National governments, municipal councils, industries, families and individuals in industrialised countries could make conscious choices to move in these directions of greater efficiency and acceptance of limits of sufficiency which would result in significant reductions in energy use and hence lower GHG emission levels. Some are making such choices but progress is slow as evidenced by the fact that most Northern countries will not meet their commitment to stabilise emission levels by the year 2000.


What progress has been made?

In the light of the growing scientific consensus about the seriousness of this global threat, it is very disturbing that progress toward limiting emission levels should be so slow in industrialised countries. In our analysis, we perceive a number of factors. There is an element of paralysis that individuals and governments experience faced with the magnitude of the problem. But there are also powerful economic forces feeding that paralysis. Commercial interests that would be hurt by a reduction in the use of fossil fuels have mounted major campaigns in western countries to convince the public and governments that taking action to reduce greenhouse gas emissions would wreck havoc with the economy and lead to significant job loss.

There are, however, an increasing number of credible studies that confirm that improvements in energy efficiency would yield ecological, social and economic benefits, including increased employment opportunities. There are also industries which could benefit from such changes and they are becoming more active in the climate change debate.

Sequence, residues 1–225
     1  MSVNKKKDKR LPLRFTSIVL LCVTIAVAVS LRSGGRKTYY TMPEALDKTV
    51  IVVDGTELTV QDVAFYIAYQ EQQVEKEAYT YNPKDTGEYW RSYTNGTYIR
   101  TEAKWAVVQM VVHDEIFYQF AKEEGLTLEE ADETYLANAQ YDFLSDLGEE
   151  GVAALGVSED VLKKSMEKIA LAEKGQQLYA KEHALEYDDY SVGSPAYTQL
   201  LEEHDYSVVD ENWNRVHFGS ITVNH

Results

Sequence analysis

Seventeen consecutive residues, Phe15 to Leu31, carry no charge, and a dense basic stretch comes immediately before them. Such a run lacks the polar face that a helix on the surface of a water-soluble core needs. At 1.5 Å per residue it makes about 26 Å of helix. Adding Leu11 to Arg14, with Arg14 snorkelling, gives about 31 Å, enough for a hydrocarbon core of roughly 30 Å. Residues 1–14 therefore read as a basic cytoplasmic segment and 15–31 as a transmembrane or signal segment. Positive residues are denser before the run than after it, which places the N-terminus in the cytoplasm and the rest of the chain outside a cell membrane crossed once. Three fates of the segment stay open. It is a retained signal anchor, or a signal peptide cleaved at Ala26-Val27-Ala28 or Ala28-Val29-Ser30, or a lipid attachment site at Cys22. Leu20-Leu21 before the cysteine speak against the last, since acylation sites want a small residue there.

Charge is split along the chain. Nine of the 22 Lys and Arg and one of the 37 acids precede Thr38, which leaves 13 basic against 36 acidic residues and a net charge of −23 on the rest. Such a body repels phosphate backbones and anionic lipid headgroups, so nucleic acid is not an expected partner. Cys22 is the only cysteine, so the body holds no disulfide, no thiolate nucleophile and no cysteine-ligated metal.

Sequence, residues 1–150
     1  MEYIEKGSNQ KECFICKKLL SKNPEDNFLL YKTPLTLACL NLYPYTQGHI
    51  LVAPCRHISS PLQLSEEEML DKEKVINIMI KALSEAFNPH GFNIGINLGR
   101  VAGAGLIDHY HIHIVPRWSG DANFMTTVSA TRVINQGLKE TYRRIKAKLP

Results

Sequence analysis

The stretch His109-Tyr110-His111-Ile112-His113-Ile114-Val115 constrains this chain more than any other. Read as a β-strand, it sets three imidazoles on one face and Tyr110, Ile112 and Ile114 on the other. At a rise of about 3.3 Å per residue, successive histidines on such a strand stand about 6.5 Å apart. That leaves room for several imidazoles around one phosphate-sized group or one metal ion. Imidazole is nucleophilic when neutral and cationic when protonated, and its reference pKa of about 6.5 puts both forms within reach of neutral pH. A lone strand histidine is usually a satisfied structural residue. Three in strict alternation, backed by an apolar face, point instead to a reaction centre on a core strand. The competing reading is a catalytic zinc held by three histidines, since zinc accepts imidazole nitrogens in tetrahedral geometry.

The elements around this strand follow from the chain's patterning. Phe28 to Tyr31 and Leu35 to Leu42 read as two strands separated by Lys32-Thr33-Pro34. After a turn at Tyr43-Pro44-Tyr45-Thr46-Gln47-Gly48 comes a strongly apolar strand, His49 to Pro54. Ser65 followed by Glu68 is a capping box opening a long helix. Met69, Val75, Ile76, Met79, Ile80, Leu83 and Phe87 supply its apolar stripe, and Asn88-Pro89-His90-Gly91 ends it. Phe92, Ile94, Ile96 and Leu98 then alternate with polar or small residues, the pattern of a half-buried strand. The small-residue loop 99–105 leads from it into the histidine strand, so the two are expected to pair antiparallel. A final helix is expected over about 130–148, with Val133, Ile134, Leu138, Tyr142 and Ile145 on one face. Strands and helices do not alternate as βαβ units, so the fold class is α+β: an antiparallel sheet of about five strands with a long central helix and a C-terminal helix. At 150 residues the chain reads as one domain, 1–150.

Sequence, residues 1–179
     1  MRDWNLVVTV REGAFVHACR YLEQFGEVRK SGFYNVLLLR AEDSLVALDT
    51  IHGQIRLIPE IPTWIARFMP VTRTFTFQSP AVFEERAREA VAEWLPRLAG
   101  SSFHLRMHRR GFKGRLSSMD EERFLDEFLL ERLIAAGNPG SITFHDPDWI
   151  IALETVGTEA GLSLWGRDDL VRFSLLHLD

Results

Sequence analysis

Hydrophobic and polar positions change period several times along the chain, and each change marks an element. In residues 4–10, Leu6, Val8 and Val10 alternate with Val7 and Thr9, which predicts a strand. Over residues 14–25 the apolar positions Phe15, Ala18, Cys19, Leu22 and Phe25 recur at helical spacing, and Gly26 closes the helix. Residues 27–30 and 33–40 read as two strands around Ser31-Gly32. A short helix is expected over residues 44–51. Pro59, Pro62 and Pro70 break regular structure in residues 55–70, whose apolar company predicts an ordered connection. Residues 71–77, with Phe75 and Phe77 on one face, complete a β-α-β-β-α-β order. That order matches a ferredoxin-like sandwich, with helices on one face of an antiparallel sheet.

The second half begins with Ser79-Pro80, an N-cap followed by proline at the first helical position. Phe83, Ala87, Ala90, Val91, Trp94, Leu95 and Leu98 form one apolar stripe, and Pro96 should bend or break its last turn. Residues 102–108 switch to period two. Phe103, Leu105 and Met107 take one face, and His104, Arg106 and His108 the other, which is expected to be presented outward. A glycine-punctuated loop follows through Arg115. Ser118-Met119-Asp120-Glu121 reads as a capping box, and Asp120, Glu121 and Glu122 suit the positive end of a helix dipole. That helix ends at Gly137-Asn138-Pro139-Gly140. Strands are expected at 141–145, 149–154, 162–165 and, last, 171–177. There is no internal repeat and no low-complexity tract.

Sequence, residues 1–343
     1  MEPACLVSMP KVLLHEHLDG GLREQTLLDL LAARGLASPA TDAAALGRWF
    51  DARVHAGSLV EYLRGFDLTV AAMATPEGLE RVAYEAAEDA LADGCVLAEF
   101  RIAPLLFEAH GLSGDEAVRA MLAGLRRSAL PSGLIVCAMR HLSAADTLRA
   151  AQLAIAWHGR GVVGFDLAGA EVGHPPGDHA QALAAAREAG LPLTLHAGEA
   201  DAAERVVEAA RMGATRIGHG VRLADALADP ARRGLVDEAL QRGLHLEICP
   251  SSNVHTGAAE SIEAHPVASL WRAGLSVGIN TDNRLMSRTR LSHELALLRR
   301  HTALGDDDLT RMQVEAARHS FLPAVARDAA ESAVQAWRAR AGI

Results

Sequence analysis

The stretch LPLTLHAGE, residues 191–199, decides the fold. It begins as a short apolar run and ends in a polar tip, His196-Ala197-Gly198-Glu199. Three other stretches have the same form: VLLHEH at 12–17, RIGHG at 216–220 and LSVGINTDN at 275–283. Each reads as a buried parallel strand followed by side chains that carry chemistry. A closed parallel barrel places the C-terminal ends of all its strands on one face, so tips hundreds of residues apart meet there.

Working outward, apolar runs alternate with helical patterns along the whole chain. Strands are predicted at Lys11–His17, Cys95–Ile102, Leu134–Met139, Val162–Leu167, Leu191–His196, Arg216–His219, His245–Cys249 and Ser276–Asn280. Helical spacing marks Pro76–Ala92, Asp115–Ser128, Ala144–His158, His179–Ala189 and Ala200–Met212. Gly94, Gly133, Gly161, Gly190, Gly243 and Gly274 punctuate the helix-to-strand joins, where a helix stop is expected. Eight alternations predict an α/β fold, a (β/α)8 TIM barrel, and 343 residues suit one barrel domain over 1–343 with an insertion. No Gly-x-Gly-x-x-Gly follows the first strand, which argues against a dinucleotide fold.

Action to reduce the emission of greenhouse gases could and should begin with steps taken by governments, industries and individuals in industrialised nations. But there are dynamics that are an intrinsic part of economic globalization which must also be addressed. These include the dramatic increase in the transportation of goods around the world, the potential of trade agreements such as the Multilateral Agreement on Investment (MAI) to limit the capacity of countries to develop domestic environmental regulations, and the proposal for bilateral climate change projects between industrialised and developing countries.

The transport factor
The increase in transportation of goods around the world is producing significant greenhouse gas emissions and is propelled by a number of factors. With the basically free flow of capital and investment but the relative stability of labour, transnational corporations have found it economical to have different manufacturing plants specialise in certain parts and then transport them to another location for assembly. The globalization of automobile manufacturing is a good example. Another reason for more transportation of goods is the contemporary expectation of consumers in industrialised countries to be able to have access to a wide variety of fresh produce (e.g. vegetables, fruit) and flowers all year round.